Red Dead Redemption: Undead Nightmare Review
High Moon Studios’ under-the-radar--and under-appreciated--Darkwatch was one of my favorite original Xbox titles. Blending old west action with paranormal threats, it delivered a unique experience on the console Master Chief built. Sure, its run-and-gun shooting was pretty standard, unremarkable stuff. But its inspired haunted wild west setting and cowboys-and-ghosts gameplay guaranteed it a top spot in my last-gen library. Plenty of shooters have come since, some even starring six shooter-slinging protagonists, but none have allowed me to kick my spurs into undead horses or cap zombie-fied ladies of the night as Darkwatch did. So, you can imagine my enthusiasm when Rockstar Games announced some zombie-themed DLC for their game-of-the-year-worthy Red Dead Redemption. While many groaned over the release of yet another zombie shooter, an admittedly played-out premise, I couldn’t wait to let John Marston loose on the infected hordes.
Before getting into Marston’s own personal zombie apocalypse, it should be noted Red Dead Redemption: Undead Nightmare is not on the level of GTA4-supporting solo-play DLC entries The Lost and Damned and The Ballad of Gay Tony; while those were fully-fleshed 20+ hour standalone entries, Undead is more of a novelty one-off. That’s not to say it’s not totally worth the ten bones--it absolutely is--but expectations should be set accordingly. It easily packs 10+ hours of single-player zombie-slaying, and extends that further with a new live-as-long-as-you-can cooperative multi-player mode; if you’ve played Gears of War 2‘s Horde challenges, you’ll be right at home fending off this mode’s endless waves of brainless monsters.
While the online action is a nice play-extending bonus fun for a weekend of testing your survival skills with friends, it’s Undead Nightmare‘s solo play that ultimately makes a return trip to Armadillo well worth your time. Rockstar probably could’ve gotten away with dropping a few hundred zombies into Red Dead‘s existing, expansive landscapes. I mean, who couldn’t kill a few hours revisiting the title’s detail-drenched world, unloading hot lead on the occasional foot-dragging foe? Never a developer to phone it in, though, Rockstar’s crafted this creeps-inducing package with plenty of immersive details and goosebump-raising touches. For one, Mother nature reacts accordingly to the walking dead threat; overcast skies and foreboding rain storms perfectly complement the horror vibe. And all that wild life you probably spent hours hunting in Red Dead have returned with an even bigger appetite for human flesh--not even the animals escaped the virus. Coolest of all, Red Dead’s flocks of birds have been replaced by colonies of sky-eclipsing bats.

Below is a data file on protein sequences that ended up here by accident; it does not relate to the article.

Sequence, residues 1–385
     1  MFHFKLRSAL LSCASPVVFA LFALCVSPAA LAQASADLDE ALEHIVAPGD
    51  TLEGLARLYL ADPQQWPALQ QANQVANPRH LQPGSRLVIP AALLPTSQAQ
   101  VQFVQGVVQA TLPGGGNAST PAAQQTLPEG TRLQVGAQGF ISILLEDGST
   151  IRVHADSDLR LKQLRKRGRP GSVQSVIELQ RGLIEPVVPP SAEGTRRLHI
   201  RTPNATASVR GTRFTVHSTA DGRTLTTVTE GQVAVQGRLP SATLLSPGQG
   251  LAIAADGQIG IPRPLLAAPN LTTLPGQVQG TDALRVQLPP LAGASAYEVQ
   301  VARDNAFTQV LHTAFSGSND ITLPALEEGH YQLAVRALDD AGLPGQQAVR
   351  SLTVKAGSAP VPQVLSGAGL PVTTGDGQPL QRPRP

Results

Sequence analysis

While all these extras give Red Dead an inspired haunted makeover, it’s the gameplay that’s most affected by the supernatural threat. Significantly altering Red Dead‘s duck-and-cover approach to offing outlaws, Undead‘s inhuman enemies come in various shapes and sizes, but don’t carry guns or take cover. Expect to be charged by solo predators rampaging toward you on all fours, or slowly consumed by groups of slower brain-eaters. Of course, there’s also the requisite vomit-spewing zombie to keep you on your toes. Thankfully, Marston’s got some new gear in his saddle bag, and he’s all-to ready to unleash it on these brain-feasting menaces. Zombie bait is exactly what it sounds like, allowing you to toss it out and watch the freaks feed; if you especially enjoy watching the meat bags suffer, you can also light ‘em up with a torch; and the musket-like Blunderbuss, which can be filled with ammo-serving zombie parts, is great for blasting up-close groups of shufflers. You still have access to Dead Eye mode, so you should also feel free to use your old stand-bys for a little slo-mo zombie slaying.
Undead‘s critical and side missions offer plenty of opportunities to paint the world in bloody entrails, but they don’t pack the inventiveness or variety of the main game’s quests. For the most part you’ll be clearing towns of the infected, rescuing missing persons, and helping survivors in other various capacities. However, the repetitive nature is generally saved by solid writing and voice acting. The ending is fantastic, as are many of the encounters leading up to it. Interacting with familiar characters in this decidedly unfamiliar situation is a hoot; Seth the gravedigger’s solution, for example, is to befriend the undead, but he soon learns they’re not especially stimulating companions at the poker table. Undead can be played without completion of the main game, but you’ll be missing out on half the fun if you haven’t already been introduced to Red Dead‘s cast of colorful characters.
There’s a lot more to this package, such as the ability to tame the four horses of the apocalypse, but we won‘t spoil all the spooks for you. If you’re craving a fresh take on the oversaturated zombie genre or, like me, wish horror-themed wild west games were as popular as modern military shooters, Undead is worth a download. For ten bucks, it offers an excuse to revisit one of the year’s absolute best games and kill zombies. Besides, with a Darkwatch sequel nowhere in sight, it’s likely your last opportunity to thwart an undead apocalypse from horseback.